Memories, like the corners of the something or other,

Josh Jasper | October 25, 2006 09:14 AM

What I really want is what I generally really want at this point of any election cycle: For the election to be over, so I know where we all stand with our politics for the next couple of years.

"It's not the despair. I can take the despair. It's the hope I can't stand." -John Cleese in Clockwise

WizarDru | October 25, 2006 09:59 AM

I'm mostly waiting for the elections for two reasons:

I'm REALLY tired of the ads, like everyone. Especially Lois Murphy's ad that was so unintentionally funny, it made FARK.

Second, certain ditto-head in-laws will hopefully pull back their level of rhetoric one way or the other, once the elections are passed. Voices were recently raised at a family gathering, early leavings resulted.

What I wonder is this: how can someone who's party is dominant in both houses of Congress and the executive branch and who has appointed more members of the SCOTUS than not (not to mention dominating the local state versions of same, except for the governership) act at being SO PERSECUTED? It simply confuses me.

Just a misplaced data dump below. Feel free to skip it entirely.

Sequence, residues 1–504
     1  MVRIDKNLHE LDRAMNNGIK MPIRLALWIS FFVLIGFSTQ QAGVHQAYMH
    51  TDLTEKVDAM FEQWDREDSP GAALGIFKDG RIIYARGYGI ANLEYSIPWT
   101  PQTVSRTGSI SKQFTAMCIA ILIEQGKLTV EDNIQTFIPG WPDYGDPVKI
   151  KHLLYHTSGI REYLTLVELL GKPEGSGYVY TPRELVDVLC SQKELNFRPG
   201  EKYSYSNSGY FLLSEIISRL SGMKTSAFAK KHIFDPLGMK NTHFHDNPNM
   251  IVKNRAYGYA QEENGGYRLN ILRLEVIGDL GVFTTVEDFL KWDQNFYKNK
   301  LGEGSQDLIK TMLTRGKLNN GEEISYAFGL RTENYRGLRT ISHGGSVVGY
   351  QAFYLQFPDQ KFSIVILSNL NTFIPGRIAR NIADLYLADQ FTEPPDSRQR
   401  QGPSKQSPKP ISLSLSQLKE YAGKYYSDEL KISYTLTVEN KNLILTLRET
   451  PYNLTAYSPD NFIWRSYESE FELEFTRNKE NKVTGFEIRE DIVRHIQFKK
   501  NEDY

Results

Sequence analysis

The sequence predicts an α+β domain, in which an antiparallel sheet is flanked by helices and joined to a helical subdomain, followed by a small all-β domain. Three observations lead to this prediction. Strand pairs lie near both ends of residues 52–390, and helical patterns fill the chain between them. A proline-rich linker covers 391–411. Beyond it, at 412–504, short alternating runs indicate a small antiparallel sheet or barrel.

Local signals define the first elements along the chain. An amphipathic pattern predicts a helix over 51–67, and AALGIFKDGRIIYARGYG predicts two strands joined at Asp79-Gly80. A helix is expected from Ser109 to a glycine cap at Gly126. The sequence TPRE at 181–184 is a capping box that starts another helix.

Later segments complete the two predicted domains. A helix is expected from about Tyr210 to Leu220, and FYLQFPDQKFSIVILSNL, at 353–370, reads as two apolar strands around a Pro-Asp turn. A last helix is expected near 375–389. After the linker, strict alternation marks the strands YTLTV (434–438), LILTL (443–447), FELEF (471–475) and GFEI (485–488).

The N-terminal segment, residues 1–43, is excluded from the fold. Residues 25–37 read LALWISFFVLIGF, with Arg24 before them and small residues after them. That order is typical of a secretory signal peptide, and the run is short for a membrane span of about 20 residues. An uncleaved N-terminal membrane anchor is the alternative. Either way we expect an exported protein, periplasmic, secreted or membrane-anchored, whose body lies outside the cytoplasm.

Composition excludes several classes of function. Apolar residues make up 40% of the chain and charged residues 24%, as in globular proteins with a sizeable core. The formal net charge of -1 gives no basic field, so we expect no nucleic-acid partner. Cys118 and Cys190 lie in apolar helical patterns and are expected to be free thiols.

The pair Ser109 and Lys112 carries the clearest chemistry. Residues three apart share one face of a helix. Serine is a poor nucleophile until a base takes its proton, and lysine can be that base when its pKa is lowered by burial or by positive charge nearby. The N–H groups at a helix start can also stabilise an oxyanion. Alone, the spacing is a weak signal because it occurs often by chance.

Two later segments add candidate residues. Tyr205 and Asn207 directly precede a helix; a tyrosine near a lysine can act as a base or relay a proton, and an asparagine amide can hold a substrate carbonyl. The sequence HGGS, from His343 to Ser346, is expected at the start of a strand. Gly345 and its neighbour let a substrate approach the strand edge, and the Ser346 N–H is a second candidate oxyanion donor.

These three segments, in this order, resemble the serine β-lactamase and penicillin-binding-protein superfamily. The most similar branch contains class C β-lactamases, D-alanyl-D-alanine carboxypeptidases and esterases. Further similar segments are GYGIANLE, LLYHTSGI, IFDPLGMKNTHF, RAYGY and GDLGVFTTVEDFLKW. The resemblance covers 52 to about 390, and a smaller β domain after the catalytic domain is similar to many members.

john | October 25, 2006 10:11 AM

While our politics are in opposition, I'm in complete agreement with you on this: I just want it over.

I, too, will definitely be voting. But the increasingly shrill, negative ads (from both sides) is driving me nuts. Thank God for the DVR-power of FF.

ern | October 25, 2006 10:50 AM

Let me second that. Without my DVR I wouldn't be able to watch TV at ALL.

And yeah, I know my politics are pretty much the opposite of the prevailing opinions here as well, but I certainly share in the general election fatigue. But it's only going to get worse until 2008, and then it begins all over again...

Tor | October 25, 2006 11:01 AM